The term ‘eHealth’ has no universally accepted definition. It broadly incorporates the use of information and communications technology, or ICT, for health. The development of such sophisticated ways of communicating and storing large amounts of information has led policymakers to ask how these technologies could be used to make healthcare, disease prevention, diagnosis, treatment, monitoring, conducting research and management more effective and efficient.
In practice, this might mean that patients' health records are stored digitally, enabling them to be shared more easily, or that they could be asked to fill in digital surveys that yield large volumes of useful and accessible health data. In the European Union, for example, EU citizens have the right to work and travel in different member states. If they need medical care in a member state different from the one in which they usually reside, then it is useful for their medical records to be accessible across borders. To this end, the EU has set up an eHealth network, which brings together the Ministries of Health from all EU member states to develop common goals for eHealth.
However, eHealth is not simply about individual healthcare provision. The proliferation of wearable devices, apps and consumer health products to measure health-related information shows how much the private sector has attempted to move into this market in recent years.
Regardless of their potential to improve health, such eHealth interventions could potentially widen existing health gaps both within populations that frequently use information and communications technologies (ICT) as well as between those who do not. A wearable fitness band isn’t much use if you are homeless, healthy eating apps aren’t all that practical if you are struggling to buy groceries.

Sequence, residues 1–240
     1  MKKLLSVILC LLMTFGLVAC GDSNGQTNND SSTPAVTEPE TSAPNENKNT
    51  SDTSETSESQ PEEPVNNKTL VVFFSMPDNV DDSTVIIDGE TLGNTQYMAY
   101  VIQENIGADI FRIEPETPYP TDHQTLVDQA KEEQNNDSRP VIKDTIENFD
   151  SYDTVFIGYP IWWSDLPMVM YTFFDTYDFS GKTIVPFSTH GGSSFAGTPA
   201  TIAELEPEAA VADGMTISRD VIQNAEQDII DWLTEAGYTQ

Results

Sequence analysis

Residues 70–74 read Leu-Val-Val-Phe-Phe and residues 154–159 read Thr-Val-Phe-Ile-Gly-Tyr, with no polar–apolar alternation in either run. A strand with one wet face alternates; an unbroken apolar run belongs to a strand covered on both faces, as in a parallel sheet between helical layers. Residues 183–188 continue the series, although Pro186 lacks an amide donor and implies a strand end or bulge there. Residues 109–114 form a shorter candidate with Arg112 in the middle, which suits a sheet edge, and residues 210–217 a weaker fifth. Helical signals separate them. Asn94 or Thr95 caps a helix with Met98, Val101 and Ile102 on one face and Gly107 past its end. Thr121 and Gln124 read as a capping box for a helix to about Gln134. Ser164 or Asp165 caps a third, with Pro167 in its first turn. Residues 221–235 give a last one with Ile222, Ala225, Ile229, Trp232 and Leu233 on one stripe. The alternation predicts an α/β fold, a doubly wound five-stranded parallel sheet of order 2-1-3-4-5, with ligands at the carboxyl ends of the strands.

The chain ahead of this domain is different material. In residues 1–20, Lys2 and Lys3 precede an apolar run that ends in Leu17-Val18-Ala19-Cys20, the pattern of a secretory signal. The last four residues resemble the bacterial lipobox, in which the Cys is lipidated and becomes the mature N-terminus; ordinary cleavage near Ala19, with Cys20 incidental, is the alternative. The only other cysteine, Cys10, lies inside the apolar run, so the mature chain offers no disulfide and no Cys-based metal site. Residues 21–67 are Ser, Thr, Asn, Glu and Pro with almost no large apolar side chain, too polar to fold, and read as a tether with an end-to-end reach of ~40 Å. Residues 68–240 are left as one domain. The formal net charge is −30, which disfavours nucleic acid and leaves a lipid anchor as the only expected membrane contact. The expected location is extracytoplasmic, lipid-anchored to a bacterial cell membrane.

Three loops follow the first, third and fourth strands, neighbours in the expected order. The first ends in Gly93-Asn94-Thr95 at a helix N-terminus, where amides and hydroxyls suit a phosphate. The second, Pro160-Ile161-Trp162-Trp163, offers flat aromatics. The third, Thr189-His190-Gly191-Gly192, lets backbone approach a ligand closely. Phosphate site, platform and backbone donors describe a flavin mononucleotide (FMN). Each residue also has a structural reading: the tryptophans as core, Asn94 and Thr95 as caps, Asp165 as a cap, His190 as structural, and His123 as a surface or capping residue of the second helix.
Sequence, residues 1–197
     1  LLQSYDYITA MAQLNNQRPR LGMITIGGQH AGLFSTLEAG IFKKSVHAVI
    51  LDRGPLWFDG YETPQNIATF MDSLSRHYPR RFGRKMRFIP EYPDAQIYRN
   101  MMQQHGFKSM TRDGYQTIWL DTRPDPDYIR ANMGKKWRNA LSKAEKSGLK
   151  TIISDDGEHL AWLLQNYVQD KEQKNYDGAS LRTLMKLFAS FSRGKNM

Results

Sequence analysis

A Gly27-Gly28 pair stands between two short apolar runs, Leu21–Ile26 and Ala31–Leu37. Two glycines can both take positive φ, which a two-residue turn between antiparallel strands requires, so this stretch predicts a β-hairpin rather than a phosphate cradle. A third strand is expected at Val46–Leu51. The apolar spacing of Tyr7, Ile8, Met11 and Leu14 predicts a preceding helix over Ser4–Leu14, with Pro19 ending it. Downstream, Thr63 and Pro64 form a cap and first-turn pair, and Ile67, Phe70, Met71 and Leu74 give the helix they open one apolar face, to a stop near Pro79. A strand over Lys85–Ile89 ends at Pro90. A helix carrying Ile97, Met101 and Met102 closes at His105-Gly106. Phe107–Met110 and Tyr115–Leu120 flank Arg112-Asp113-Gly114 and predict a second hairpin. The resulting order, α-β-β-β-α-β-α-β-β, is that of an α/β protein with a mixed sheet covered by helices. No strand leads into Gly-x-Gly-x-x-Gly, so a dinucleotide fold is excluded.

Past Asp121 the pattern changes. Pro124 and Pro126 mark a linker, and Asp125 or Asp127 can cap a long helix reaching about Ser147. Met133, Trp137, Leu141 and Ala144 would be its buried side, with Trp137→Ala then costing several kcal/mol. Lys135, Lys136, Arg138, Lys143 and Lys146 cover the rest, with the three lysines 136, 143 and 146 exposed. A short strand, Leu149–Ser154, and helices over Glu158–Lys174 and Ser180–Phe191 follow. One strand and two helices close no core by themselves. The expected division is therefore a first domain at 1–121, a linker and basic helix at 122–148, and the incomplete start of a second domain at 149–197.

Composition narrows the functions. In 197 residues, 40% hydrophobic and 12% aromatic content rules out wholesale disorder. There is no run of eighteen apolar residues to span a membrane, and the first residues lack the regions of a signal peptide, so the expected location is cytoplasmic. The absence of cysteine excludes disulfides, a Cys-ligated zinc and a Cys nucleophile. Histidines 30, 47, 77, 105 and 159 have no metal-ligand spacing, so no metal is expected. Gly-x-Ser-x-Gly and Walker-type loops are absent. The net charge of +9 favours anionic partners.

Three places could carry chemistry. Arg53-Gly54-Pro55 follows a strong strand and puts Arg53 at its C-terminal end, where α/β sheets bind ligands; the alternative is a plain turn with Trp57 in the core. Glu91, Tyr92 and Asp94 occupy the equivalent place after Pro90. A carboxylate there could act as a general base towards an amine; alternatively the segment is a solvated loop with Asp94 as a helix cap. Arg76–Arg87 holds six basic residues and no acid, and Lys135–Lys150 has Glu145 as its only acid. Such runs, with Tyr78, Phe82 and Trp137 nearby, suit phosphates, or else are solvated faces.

This is why we believe there is a need to look beyond market-focused approaches to eHealth and consider how it can be harnessed for the sake of public policies in the fields of disease prevention, urban planning and health literacy. The technologies that make eHealth more efficient can also be used to drive forward health improvement at the population level, including through improvement of air quality.
The term ‘air quality’ refers to the condition of the air we breathe, both ambient (outdoor) and household (indoor), with good air quality broadly pertaining to the degree which this air is free of pollutants. Poor air quality, due to the presence of pollutants such as smoke, smog and soot, has been implicated in causing or worsening a range of health conditions. According to the World Health Organisation, air pollution is the leading environmental health risk humans face. It is also a health inequality issue, with the most vulnerable and those from the most deprived areas disproportionately affected.
What is air pollution?